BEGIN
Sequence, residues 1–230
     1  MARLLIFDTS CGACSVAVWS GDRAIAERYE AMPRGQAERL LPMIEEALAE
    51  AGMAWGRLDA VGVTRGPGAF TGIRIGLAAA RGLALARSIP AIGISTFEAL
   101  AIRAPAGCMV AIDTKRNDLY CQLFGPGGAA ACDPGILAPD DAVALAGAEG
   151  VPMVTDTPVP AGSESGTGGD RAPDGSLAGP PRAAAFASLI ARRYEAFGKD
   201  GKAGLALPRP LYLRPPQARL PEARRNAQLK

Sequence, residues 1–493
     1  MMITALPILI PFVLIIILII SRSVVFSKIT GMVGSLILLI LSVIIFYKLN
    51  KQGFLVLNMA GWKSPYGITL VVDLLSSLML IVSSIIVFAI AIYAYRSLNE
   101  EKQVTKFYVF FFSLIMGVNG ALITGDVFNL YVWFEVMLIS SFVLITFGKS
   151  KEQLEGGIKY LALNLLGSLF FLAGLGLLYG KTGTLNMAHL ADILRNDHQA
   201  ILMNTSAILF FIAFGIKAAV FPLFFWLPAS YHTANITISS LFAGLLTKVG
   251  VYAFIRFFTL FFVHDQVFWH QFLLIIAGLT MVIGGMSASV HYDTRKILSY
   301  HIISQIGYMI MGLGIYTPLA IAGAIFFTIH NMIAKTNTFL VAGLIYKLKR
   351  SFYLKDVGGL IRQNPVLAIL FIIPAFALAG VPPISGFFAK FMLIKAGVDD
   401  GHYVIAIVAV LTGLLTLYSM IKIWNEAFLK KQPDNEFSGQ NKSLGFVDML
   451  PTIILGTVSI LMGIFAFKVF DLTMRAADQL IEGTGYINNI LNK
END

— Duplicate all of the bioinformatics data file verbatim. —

Sequence, residues 1–230
     1  MARLLIFDTS CGACSVAVWS GDRAIAERYE AMPRGQAERL LPMIEEALAE
    51  AGMAWGRLDA VGVTRGPGAF TGIRIGLAAA RGLALARSIP AIGISTFEAL
   101  AIRAPAGCMV AIDTKRNDLY CQLFGPGGAA ACDPGILAPD DAVALAGAEG
   151  VPMVTDTPVP AGSESGTGGD RAPDGSLAGP PRAAAFASLI ARRYEAFGKD
   201  GKAGLALPRP LYLRPPQARL PEARRNAQLK

Sequence, residues 1–493
     1  MMITALPILI PFVLIIILII SRSVVFSKIT GMVGSLILLI LSVIIFYKLN
    51  KQGFLVLNMA GWKSPYGITL VVDLLSSLML IVSSIIVFAI AIYAYRSLNE
   101  EKQVTKFYVF FFSLIMGVNG ALITGDVFNL YVWFEVMLIS SFVLITFGKS
   151  KEQLEGGIKY LALNLLGSLF FLAGLGLLYG KTGTLNMAHL ADILRNDHQA
   201  ILMNTSAILF FIAFGIKAAV FPLFFWLPAS YHTANITISS LFAGLLTKVG
   251  VYAFIRFFTL FFVHDQVFWH QFLLIIAGLT MVIGGMSASV HYDTRKILSY
   301  HIISQIGYMI MGLGIYTPLA IAGAIFFTIH NMIAKTNTFL VAGLIYKLKR
   351  SFYLKDVGGL IRQNPVLAIL FIIPAFALAG VPPISGFFAK FMLIKAGVDD
   401  GHYVIAIVAV LTGLLTLYSM IKIWNEAFLK KQPDNEFSGQ NKSLGFVDML
   451  PTIILGTVSI LMGIFAFKVF DLTMRAADQL IEGTGYINNI LNK